Office of Medical Ethics
The Medical Ethics Board was instituted to assist the bishop through providing clinical insights and theological perspectives for understanding complex medical ethics questions.
When Carol Pavlak’s 90-year-old father was nearing his final weeks of life, she knew just where she wanted to turn for the last days he would spend on earth.
“I felt he would be in good hands with a Catholic hospice, knowing if they practiced my faith they would not just feed him drugs and let him go but treat him with dignity,” the 66-year-old Pavlak explained.
But a place that would fill both Carol and her father’s wishes meant meeting specific needs, and that narrowed the choices to essentially one, although that hospice did receive the blessing of Bishop Thomas J. Olmsted to open a second entity in 2017.
A year prior, the bishop instituted a diocesan Medical Ethics Board with Fr. Ignatius Mazanowski, FHS, as director. The goal was to provide “clinical insights and theological perspectives for understanding complex medical ethics questions.” In addition to making recommendations to the bishop on medical-ethics issues that may arise, the board assists in developing relationships with health care institutions within the Diocese of Phoenix; not the least of which are hospices.
Fr. Ignatius said his office is eager to help those institutions fulfill the Church’s guiding principles on respecting life in all services, including hospice, and would help any that requested such guidance.
“That is one of the big reasons I have been given the role of director of medical ethics,” Fr. Ignatius stated in an email, adding that he is always available to consult on end-of-life or other ethical issues.
“I’ll be happy to help you understand and come to a clear perspective on the Catholic Church’s teachings,” Fr. Ignatius said. “I also am available to help guide a secular hospice through the process of becoming a Catholic hospice recognized by the Diocese of Phoenix.”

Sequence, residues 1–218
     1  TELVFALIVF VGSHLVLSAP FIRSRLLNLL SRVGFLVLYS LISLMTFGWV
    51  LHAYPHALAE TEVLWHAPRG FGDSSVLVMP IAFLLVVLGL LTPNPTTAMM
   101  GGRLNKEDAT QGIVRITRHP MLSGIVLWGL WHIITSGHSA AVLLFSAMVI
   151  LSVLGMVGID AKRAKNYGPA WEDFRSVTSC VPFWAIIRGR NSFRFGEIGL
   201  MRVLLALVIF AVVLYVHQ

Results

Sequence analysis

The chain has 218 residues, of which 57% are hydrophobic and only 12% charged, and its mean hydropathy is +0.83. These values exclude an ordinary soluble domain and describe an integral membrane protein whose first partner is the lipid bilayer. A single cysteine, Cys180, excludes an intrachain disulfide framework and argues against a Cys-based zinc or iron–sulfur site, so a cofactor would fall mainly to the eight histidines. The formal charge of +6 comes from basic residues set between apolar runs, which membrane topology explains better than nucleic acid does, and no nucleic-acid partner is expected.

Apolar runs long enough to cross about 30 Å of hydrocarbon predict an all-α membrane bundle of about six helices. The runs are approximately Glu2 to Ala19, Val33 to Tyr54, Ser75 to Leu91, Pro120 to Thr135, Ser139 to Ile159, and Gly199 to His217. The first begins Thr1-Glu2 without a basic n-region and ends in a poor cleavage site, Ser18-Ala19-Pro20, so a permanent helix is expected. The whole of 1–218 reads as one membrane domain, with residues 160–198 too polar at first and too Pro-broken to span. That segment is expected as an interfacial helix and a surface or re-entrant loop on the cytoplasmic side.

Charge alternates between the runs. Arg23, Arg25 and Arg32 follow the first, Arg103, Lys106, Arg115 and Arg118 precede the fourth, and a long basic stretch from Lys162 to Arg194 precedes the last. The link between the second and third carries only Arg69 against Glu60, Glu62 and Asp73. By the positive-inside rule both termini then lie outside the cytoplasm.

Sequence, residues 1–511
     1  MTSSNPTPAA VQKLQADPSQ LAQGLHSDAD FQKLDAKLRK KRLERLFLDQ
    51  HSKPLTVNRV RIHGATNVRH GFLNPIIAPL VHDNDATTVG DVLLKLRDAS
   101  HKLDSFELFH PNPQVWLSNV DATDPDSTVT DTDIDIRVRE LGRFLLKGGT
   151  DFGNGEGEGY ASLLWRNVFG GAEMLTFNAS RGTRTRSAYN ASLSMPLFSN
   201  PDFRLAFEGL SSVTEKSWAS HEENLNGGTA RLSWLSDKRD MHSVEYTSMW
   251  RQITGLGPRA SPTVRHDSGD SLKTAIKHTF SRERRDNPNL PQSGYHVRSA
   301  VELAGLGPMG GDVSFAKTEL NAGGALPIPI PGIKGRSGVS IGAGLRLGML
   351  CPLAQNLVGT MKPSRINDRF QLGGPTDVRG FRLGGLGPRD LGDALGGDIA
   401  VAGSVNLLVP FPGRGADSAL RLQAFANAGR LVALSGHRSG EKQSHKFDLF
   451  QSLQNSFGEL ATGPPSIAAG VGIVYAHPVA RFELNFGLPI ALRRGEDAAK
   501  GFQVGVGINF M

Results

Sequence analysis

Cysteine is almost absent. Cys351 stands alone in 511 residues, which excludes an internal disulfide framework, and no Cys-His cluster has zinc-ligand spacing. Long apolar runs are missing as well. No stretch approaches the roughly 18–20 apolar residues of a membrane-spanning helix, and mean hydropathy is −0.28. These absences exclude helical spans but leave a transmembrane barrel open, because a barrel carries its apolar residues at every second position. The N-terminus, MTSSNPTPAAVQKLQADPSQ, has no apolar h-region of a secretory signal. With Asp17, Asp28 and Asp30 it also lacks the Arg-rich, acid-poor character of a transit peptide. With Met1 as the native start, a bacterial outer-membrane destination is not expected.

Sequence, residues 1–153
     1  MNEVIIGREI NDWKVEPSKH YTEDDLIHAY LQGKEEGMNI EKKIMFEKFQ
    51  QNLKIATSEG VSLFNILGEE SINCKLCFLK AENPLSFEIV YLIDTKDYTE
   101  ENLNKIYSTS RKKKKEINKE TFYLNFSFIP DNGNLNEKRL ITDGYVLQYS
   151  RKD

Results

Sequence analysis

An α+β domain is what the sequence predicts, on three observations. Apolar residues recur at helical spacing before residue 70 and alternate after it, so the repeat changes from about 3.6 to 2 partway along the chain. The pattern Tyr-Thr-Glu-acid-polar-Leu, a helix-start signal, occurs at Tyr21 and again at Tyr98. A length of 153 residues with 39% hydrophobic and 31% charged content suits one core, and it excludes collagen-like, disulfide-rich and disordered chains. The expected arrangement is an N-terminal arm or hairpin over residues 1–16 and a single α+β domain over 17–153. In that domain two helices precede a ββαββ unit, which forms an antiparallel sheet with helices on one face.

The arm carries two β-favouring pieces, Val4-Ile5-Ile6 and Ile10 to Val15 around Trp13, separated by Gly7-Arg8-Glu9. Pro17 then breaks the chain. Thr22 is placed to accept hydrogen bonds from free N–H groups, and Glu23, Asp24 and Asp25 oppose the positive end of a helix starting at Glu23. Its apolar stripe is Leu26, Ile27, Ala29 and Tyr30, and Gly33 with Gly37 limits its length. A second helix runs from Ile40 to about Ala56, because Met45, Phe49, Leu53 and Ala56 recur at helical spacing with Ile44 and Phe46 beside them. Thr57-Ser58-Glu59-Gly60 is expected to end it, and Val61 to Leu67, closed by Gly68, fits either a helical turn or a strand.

The requirements for diocesan approval are rigorous. But they have to be in order to put the diocese’s and the Church’s name behind a service that is very personal and must allow a Catholic the ability to live by his or her faith.
“Of the 77 Ethical and Religious Directives for Catholic Health Care Services, about a dozen (Directives 55 through 66) apply more directly to care for the seriously ill and dying,” he said. “The principles laid out in the ERDs protect the dignity and sanctity of life, and they guide us in applying Catholic moral and ethical principles to important decisions that Catholics face at the end of life.”
Specifically, the Catholic Church has a clear perspective on when to withdraw hydration and nutrition, how much pain medicine can be prescribed at the end of life, when or if artificial means of life support can be withdrawn, when organ donation is allowed and the reasons why euthanasia is not allowed.
“A Catholic hospice is committed to following these principles,” Fr. Ignatius stated, adding that secular hospices aren’t guaranteed to follow these principles.
Inside a hospice
At present, the diocese has only one recognized hospice.
Mesa-based Americare Hospice and Palliative Care has operated 14 years and serves all of Maricopa County as well as areas slightly beyond county borders. Its second entity, Holy Cross Hospice, opened last year.
Both operate “according to our faith; our beliefs as Catholics,” said Americare founder and Administrator Christine Minch.
“We never do anything to hasten the deaths of our participants,” added Bobi Martinez, Americare’s Catholic Mission Coordinator and a certified grief recovery specialist.
IV hydration, antibiotics, treatment of infections, laboratory testing, X-rays, a wound-care nurse, physical therapy, nutritional supplements and speech therapy for swallowing assistance are examples.
“We do take patients with feeding tubes. There are many (hospices) that would not admit those patients, but [here] …, it would be considered vital care. We truly see our mission as taking every patient individually until God decides to call them home,” Minch said.
Although most patients are cared for at home, or in a skilled-nursing or assisted-living facility, the company also recently remodeled its inpatient unit to add the presence of the Blessed Sacrament to its St. Mother Teresa Chapel, a small, eight-person room with kneelers, a mural and a relic.
Pavlak said the services, including the chapel, allowed her father to die with dignity while the family observed its Catholic faith, even members who don’t regularly practice.
My father was ready to go, and he let us know. This was a dignified death; peaceful — the way anyone would want to go,” she said.